“The secret of good teaching is to regard the child’s intelligence as a fertile field in which seeds may be sown, to grow under the heat of flaming imagination. Our aim therefore is not merely to make the child understand, and still less to force him to memorise, but so to touch his imagination as to enthuse him to his inmost core.” ~ Maria Montessori

🌺 Each spring, we prepare our flower boxes, beds and pots with fresh soil. Once prepared, we plant a variety of flowers to enjoy all summer long. Along with the beautiful flowers, we also add a new tree annually. As the landscape takes shape, it’s always wonderful to see how much our garden grows.

🌱 Involving the child in the care and planting is an ideal opportunity for learning growth. Like the soil we use, the child’s natural interest in how to do these practical life activities is rich. Both the plants and the child are ready to ‘take root’. Meanwhile, the practical life, sensorial, language, math and cultural experiences that can follow are everywhere … 🧹👀🗣🌷+🌷+🌷🍋…

Guided Plant Care

💦 Once planted, offer lessons on watering, misting, trimming, cleaning, weeding, etc. These should be simple and shown using clear and exaggerated movements based on the age and ability of the the child to allow for their successful participation in the process. Child-size tools and expectations are very helpful too!

☀️ During the warmer seasons, it’s wise to spend time outside before it becomes too warm. The outdoor plants will appreciate some early attention too. Watering in morning (or late in the day) helps the flowers, trees and plants absorb the water before the sun causes it to evaporate. Spark the child’s imagination by wondering how it might feel to be planted in soil and cared for. Discuss how their parts function (a tree, flower, plant, …)—especially as they grow.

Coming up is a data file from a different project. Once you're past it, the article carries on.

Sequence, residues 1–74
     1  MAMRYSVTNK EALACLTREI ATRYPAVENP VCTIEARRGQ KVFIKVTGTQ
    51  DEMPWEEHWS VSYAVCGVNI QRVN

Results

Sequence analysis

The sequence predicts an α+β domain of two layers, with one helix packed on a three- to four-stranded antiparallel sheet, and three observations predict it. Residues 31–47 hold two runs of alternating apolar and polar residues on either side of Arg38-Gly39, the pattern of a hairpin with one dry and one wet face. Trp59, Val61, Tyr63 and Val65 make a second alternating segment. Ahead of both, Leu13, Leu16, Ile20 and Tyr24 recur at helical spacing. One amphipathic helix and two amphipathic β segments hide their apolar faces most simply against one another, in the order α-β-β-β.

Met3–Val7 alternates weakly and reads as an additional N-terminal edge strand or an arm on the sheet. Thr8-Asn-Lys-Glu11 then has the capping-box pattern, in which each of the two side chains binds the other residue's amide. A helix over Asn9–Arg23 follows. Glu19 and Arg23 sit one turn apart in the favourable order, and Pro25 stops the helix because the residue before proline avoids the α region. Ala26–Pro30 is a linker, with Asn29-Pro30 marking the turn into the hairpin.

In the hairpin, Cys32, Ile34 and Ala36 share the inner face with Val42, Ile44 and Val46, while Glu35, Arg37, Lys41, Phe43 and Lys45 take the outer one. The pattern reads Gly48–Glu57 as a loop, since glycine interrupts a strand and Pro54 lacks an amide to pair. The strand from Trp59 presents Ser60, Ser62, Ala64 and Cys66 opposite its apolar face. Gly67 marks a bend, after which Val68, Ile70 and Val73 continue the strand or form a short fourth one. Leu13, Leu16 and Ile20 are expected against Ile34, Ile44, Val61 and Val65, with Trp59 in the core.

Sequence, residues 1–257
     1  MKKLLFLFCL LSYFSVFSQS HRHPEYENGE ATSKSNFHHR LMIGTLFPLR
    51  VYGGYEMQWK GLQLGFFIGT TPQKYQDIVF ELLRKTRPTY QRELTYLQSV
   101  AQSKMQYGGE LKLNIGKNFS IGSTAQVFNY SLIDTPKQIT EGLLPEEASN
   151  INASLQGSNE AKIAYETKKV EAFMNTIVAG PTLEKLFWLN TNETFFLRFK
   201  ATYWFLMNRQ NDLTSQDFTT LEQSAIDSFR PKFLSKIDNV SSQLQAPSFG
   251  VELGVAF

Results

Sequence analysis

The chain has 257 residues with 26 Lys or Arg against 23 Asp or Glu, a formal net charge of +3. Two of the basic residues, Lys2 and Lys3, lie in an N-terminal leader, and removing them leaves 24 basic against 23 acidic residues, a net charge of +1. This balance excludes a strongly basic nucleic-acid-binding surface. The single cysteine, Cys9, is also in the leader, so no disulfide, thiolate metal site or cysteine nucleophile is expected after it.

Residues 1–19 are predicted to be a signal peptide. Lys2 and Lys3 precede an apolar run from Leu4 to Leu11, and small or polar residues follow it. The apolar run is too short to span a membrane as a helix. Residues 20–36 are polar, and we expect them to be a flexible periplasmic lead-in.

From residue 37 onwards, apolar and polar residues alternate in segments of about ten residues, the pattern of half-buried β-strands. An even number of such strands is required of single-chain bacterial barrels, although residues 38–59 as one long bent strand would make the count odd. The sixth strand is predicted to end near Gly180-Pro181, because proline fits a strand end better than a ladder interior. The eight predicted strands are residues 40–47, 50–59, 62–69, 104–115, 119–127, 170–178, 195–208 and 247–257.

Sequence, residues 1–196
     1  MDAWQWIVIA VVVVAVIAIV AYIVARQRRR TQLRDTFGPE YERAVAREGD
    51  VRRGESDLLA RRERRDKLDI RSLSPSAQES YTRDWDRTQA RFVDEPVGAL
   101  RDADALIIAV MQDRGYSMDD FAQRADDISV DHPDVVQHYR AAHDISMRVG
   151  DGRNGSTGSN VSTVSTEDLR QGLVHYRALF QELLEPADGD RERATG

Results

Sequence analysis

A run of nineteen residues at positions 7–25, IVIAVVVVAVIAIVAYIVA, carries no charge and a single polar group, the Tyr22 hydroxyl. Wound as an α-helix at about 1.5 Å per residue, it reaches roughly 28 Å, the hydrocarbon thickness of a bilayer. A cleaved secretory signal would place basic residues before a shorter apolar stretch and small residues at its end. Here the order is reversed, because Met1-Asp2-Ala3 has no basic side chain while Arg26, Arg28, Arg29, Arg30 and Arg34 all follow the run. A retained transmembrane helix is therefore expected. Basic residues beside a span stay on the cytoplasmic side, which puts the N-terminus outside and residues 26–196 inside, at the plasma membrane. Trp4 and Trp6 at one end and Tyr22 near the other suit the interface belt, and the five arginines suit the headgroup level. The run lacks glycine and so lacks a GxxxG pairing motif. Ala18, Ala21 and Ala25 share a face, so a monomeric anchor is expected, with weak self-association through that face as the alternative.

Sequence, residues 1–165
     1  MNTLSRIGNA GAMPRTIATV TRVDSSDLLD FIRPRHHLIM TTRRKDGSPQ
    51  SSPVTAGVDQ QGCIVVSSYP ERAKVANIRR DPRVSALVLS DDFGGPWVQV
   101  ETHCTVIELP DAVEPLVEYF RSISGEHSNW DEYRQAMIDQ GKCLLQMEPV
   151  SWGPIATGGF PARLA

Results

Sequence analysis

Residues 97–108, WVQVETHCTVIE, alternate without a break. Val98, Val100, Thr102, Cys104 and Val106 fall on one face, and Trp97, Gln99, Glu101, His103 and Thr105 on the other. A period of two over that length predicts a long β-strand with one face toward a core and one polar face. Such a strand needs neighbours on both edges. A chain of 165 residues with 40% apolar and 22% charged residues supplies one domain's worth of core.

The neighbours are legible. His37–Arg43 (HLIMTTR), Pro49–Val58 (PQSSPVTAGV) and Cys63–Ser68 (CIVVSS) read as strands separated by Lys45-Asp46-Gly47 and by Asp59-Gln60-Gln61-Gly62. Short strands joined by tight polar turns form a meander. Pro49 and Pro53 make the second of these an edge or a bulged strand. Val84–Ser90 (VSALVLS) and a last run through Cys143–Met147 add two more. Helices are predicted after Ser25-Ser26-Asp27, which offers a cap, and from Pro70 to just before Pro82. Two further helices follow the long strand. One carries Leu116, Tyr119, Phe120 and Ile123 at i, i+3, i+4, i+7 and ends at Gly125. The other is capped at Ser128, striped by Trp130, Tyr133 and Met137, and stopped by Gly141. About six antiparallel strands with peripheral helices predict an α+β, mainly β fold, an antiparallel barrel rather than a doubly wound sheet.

Making Connections

🌳 As a learning extension, a ‘Parts of the Tree’ puzzle can serve the child with a more concrete understanding of the tree: the roots, trunk, branches, stems and leaves, and how each functions. Puzzles are great overall for children—developmentally and for enjoyment as an activity.

Meanwhile, the seeds of conversation will be planted and, like the tree, the child’s roots of learning will grow stronger and deeper. After all, the best growth and learning happens in fertile soil.

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